whether it can be articulated by its chief practitioners in terms that make sense to me (without lots of metaphysical hyperbole) - yep, western rationalist/empirical/scientific model from the outset, lots of use of CMA/JMA terms but whenever a definition and explanation was requested (lots of Q&A throughout, very helpful) a cogent one was given. I don't pretend to understand it all nor to be sufficiently well versed in anatomy, physiology, sports science, etc. to have an expert opinion but there's clearly a really solid model and a lot of profound skills that go with it. If anything the testimony and skills of the longer term students is the most convincing evidence since this suggests the stuff can be taught and lead to improvements in one's chosen art(s) in time-scales measured in months/years rather than decades.
That's what appealed to me about Dan's teaching when I saw him earlier this year. Not much mystical stuff (in my opinion there is a place for that, but this isn't really it), just a set of exercise drills and a clear, progressive rationale underlying them. You basically start with a repeated sequence opening the body in the six directions, then when you have enough sensitivity and body connection you can start working on developing yin-yang and spirals.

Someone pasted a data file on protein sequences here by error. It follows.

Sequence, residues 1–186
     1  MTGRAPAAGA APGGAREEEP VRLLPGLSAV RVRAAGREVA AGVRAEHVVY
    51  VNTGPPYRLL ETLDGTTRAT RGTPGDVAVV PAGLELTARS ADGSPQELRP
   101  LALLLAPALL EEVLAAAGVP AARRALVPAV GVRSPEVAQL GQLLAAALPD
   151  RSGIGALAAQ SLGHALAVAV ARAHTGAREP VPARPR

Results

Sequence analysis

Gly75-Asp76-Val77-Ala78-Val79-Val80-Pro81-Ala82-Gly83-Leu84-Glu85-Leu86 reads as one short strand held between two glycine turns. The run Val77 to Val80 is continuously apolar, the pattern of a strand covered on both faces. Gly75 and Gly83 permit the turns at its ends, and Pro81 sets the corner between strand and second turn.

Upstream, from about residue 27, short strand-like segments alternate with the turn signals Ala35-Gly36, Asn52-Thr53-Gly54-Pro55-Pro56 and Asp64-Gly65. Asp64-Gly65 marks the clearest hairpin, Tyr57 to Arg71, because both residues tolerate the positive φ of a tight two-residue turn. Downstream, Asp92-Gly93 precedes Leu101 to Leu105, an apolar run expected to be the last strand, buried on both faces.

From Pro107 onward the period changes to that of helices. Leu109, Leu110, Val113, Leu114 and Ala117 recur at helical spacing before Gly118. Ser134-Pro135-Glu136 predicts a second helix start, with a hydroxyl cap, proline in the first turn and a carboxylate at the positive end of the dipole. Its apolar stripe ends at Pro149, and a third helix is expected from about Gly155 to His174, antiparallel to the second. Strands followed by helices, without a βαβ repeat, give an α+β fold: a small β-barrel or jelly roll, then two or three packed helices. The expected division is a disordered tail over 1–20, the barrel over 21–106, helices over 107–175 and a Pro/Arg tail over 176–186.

Some of the more advanced concepts still escape me, but I have been practising this stuff daily for six months and can feel big changes already in how my body moves.